JM: Books and stories are commodities mostly. Most writers pay attention to what’s selling (as a matter of fact it occurs to me I could have replaced the word popular with the word selling in the quote you mention), write to markets, spend lots of time planning and spending money on promotion, etc. Most writers care about reaching for and having their work loved and bought by as many readers as possible. I have been lucky in never having had to care about any of that. And at the same time being honest with myself that if I did care about that, I simply would not have the required mania to push and push in that direction. Because the meat of my work would not get the attention it deserved. Nor would I be very good at pushing things that way. I leave that to those who are good at it and who it gives a kick to. As I said up top, my kick is to dredge down in the guts of the characters, pull out what’s there, and get it on the page. That doesn’t always take you to what’s marketable or popular. It brings me to fulfilling. That is all I need. I sit down to write, what will come out is always a surprise, the way I do it.
GS: How do you continue to write knowing that your work is probably not going to be seen by a wide audience due to its experimental and ‘unpopular’ nature?
JM: The last question brought out an answer to that, I think. The rush of pushing my brain deeper and deeper and keeping up like some maniac getting it into the keyboard. To me it feels like running or playing a guitar solo or just yelling and running around the room with my dog. And, it must be good in some way because I have got a lot published, both novels and stories. Check the site. What I’ve produced and shared through the years is described there. I think a lot of that is, on the surface, quirky and fun to read—for the right person.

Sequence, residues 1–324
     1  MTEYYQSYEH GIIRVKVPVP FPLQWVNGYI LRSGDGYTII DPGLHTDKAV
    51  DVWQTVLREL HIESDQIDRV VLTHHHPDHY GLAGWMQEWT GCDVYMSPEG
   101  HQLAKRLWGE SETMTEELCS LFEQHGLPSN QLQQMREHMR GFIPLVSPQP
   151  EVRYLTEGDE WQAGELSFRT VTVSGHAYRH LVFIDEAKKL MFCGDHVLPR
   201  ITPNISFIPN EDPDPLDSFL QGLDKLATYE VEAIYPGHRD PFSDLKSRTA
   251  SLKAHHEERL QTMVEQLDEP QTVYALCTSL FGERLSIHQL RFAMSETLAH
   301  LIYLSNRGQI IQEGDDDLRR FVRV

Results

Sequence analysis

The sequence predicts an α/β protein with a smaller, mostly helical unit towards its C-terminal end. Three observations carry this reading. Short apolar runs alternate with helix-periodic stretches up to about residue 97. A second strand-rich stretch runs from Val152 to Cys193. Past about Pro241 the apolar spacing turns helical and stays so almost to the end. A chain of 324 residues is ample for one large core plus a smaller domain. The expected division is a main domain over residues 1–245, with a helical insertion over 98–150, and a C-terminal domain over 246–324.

GS: Tell us what happened in 1988.
JM: I had a fine job in corporate America and most of what goes with that, but something was missing. So, I sat down and made one of those silly lists. You know—list your strengths down one side and your weaknesses down the other. Down the strength side were several traits that successful writers need—so that kicked in. I had been dabbling now and then with writing before. But in 1988 with that exercise—that was when I began applying some real focus. I don’t think I wanted my obituary to say, Successful deep in the bowels of Korporate Amerika. Rest in Peace. That’s it. Any questions? Heh.
GS: What are you working on now and what direction do you see your work taking in the future?
JM: I only do novels now. I am working on one about a long-haul trucker, a waitress in a truck stop modeled after the world’s largest truck stop (Iowa 80 Truck Stop, in, you guessed right, Iowa), and ancillary characters and goings-on.
I go where the search through each project takes me. Never really think about the future re this writing. To try and outline the path would probably take me the wrong way.
GS: What book do you think more people should read?
JM: That is impossible to answer. The books I have read I stumbled upon. Every person is so unique there’s scarcely a safe answer that would apply across the board for any question like that. Best answer would be, whatever looks like it’s calling out for you. But if you want to write the kind of thing I do, or similar, go to the JEF (Journal of Experimental Fiction) website and look at “Experimental Literature – A Collection of Statements”. Even though it bears the dreaded E-word—this book is crammed with good stuff for writers.
Jim Meirose’s short work has appeared in numerous venues, and his published novels include Le Overgivers au Club de la Résurrection (Mannequin Haus), Understanding Franklin Thompson (JEF pubs), and Sunday Dinner with Father Dwyer (Optional books). Info at: www.JimMeirose.com @jwmeirose
George Salis is the award-winning author of Sea Above, Sun Below (River Boat Books). His fiction is featured in The Dark, Black Dandy, Zizzle Literary Magazine, The Sunlight Press, Unreal Magazine, and elsewhere. His criticism has appeared in Isacoustic, Atticus Review, and The Tishman Review, and his science article on the mechanics of natural evil was featured in Skeptic. He is currently working on an encyclopedic novel titled Morphological Echoes. He has taught in Bulgaria, China, and Poland. Find him on Facebook, Goodreads, and at www.GeorgeSalis.com.